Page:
Visit for breaking news, world news, and news about the economy

our country was, arguably, the first to stand up against such powers. we had enough of being taxed without representation and having our work degraded. we (our forefathers/mothers) chucked tea into a harbor and told the silly king george we were no longer willing to play his games, and then shot a "shot heard around the world". it was the first time the common folks stood against a state power and won. it created in all those who have known the story of the american revolution, that matter how nascent the movement or the system, change can come. the voice of the people can be more powerful than the voice of the oppressors. i guess there is just something wonderful about breaking the chains of oppression and the horrible messages those that oppress spread.

i believe it is the voice of the oppressors that try to stimulate all the hate and malice that groups of people can feel towards each other. when we can recognize each other as good and as agents for good, we can find what we have in common, work towards common goals, and improve the lives of those around us. which is why i find the tea party so offensive. they have bastardized one of the single greatest moments in world history and morphed it into a gross justification for spreading fear and hate (which successful revolutionaries for democracy don't do)

it will be interesting and exciting to see how all of this boils down. but at least for now, if feels really good to be inspired by the people. good governance is a SLOW process, but each of these BIG changes leads us closer and closer to a world of peace. thanks eqypt for reminding us what is possible and what it really means to be alive!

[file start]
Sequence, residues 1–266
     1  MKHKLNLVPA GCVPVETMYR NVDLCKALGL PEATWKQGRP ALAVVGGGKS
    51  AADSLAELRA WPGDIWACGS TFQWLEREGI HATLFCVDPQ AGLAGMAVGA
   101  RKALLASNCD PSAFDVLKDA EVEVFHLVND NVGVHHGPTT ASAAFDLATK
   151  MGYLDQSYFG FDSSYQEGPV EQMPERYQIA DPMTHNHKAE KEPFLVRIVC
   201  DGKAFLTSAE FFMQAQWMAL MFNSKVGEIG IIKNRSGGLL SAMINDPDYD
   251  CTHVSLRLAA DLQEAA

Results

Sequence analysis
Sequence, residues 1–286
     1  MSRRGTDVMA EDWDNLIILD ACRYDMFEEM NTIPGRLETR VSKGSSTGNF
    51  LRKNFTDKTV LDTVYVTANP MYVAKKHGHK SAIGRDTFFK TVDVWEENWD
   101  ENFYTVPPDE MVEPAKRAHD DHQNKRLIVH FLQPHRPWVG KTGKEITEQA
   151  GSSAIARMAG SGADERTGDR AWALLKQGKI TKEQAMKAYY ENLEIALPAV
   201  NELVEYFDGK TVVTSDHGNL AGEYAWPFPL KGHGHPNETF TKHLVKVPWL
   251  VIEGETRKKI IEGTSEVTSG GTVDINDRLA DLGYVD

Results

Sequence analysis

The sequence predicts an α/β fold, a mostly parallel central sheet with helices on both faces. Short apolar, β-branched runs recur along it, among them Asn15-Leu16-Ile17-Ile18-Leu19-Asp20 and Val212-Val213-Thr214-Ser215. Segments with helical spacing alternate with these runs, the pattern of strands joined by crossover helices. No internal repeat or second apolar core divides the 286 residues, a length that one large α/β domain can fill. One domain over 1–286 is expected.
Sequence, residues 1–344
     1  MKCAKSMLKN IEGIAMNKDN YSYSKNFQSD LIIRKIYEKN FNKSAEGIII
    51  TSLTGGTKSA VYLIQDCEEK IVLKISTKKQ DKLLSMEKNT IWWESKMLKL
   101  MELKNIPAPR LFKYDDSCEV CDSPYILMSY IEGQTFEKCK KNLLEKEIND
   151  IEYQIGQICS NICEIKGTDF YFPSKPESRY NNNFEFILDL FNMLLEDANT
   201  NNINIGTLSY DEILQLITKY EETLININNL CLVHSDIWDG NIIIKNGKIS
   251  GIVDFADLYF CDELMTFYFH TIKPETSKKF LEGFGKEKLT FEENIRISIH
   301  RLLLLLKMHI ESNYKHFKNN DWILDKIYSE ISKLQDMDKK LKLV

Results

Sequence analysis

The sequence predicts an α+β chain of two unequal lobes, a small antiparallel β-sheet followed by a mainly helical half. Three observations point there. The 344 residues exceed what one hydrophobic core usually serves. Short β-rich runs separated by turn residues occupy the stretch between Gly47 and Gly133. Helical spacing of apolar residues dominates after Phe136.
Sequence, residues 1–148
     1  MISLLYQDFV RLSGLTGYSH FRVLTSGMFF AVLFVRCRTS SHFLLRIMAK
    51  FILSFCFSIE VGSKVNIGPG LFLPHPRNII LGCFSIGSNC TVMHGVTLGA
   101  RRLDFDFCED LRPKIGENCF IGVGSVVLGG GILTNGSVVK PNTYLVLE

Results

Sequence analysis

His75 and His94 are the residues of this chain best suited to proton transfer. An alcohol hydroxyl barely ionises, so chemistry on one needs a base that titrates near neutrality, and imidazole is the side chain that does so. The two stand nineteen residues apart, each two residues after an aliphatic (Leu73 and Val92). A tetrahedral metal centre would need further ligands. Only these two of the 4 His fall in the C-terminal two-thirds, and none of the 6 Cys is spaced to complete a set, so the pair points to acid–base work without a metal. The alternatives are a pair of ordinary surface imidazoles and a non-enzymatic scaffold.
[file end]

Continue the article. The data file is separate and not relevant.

(this is an interesting prognostication of which 11 countries are likely to have similar revolutions)

also, if you are craving a moment in crazy, you gotta check this out. i mean, when bill o'reilly is the voice of reason, you know something has gone off the edge somewhere

i checked out as glenn suggests, it is a website circa 1997 that seems to have its last posting somewhere around march 2002. its a website dedicated to making sure all american children learn english
"and end bilingual education nationwide." its a stupid outdated site. seriously, who is this guy talking to? who is believing this insane rhetoric? and why is he not being called to the mat more for his misinformation. even this crazy site that is supposed to link you to a conglomeration of unions, communist, and socialist ideals . . . and its actually another crazy right-wing cause . . . i mean, is the guy not required to function in reality?

1 comment:

Josh said...

Great Post! I got a little choked up too. Hard not to. Truly historic watching what has occurred in Egypt over the past few weeks. Greater strides towards real democracy in the Middle East than violent US intervention in th Middle East during the past 9 years.